Shortly after being sworn into office on January 3, Senator Angus King had already begun making the political rounds in Washington, meeting with at least 30 of his new colleagues on Capitol Hill and appearing on NBC’s “Meet the Press” opposite Newt Gingrich. Since winning the Senate seat in November, King and his team have been busy setting up the Senator’s Maine and Washington offices, reviewing hundreds of applications for only 35 positions.
The men’s ice hockey team has been hot since the weather got colder, winning seven out of its eight games, including all its road matches. The Polar Bears have managed to remain undefeated on the road this season.
Last week, Robert Ives ’69 was appointed Bowdoin’s new director of religious and spiritual life, which inspired us to think about the nature of spirituality at Bowdoin. When asked about the College’s religious culture, David Smick ’15 replied, “I think it’s personal, if noticeable at all. The only time I really saw that there was religious interest here was last year at Easter time; half the people I know, including myself, went home to celebrate.” A variety of students we spoke with echoed Smick’s observation. At a secular institution like Bowdoin, it is no surprise that religion is not outwardly prominent on campus. However, this does not imply that students do not contemplate their spirituality.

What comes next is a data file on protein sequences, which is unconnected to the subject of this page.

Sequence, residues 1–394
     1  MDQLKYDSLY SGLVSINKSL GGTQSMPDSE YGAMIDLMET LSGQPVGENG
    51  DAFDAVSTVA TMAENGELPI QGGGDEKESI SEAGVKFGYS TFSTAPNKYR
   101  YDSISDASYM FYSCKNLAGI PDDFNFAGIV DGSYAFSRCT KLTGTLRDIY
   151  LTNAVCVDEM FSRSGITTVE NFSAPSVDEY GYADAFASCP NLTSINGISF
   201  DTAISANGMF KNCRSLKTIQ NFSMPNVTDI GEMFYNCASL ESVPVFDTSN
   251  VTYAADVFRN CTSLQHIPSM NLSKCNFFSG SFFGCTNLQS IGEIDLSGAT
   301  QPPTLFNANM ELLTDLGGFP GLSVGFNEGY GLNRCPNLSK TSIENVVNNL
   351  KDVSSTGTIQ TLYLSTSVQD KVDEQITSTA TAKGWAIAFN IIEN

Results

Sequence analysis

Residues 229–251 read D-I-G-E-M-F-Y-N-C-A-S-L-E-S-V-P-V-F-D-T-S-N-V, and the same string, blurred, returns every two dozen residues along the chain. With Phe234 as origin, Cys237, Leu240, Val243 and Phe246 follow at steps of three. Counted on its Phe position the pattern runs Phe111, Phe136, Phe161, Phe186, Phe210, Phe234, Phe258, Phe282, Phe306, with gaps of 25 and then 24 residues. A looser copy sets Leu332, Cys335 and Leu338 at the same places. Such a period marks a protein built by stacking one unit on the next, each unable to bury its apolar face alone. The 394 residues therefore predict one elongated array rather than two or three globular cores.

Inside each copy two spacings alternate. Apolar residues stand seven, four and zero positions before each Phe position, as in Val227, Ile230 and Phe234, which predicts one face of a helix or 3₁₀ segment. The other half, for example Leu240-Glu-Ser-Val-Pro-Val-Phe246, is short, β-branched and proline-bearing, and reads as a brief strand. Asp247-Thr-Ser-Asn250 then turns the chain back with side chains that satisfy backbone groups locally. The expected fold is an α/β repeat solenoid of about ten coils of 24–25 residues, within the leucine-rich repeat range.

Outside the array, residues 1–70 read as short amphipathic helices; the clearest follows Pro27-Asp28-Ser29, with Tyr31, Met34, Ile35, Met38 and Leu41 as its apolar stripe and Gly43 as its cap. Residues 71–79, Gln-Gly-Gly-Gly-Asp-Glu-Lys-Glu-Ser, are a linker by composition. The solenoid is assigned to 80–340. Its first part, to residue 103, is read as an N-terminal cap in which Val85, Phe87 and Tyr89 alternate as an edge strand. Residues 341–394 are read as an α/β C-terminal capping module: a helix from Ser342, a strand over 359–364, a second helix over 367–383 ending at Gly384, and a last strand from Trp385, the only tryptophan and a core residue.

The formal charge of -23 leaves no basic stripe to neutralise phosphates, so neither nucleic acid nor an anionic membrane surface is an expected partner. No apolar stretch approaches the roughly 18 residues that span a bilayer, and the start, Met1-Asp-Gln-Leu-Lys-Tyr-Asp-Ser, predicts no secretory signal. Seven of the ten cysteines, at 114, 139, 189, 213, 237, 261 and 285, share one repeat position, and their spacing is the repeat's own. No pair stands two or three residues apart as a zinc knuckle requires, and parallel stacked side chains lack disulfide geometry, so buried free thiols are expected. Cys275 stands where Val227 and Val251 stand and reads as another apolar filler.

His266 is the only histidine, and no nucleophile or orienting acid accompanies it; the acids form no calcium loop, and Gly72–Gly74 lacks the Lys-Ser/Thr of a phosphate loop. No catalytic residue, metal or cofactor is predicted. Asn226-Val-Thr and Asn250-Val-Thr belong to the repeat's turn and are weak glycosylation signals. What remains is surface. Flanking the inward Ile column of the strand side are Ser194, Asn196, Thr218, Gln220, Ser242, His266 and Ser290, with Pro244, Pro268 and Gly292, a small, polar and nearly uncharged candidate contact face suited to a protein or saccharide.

The Bowdoin Community paid tribute to Dr. Martin Luther King Jr. with a ceremony in the Chapel Monday evening. The Longfellows, Slam Poet Society and the Bowdoin Community Gospel Choir performed in memory of Dr. King, and Brian Purnell, assistant professor of Africana studies, spoke of MLK’s legacy. “It was obvious how much this day meant to people,” said Ben Osher ’15, who performed at the service. “I felt like the lines between the secular and the religious were becoming blurred.”
As a result of Maine’s vote to legalize same-sex marriage in November, the Brunswick Town Clerk’s office has begun the process of issuing marriage licenses to gay and lesbian couples. The office first opened its doors to same-sex couples on December 29, and has so far issued nine intentions of marriage. Six of these have come back notarized as marriage licenses, according to Town Clerk Fran Smith.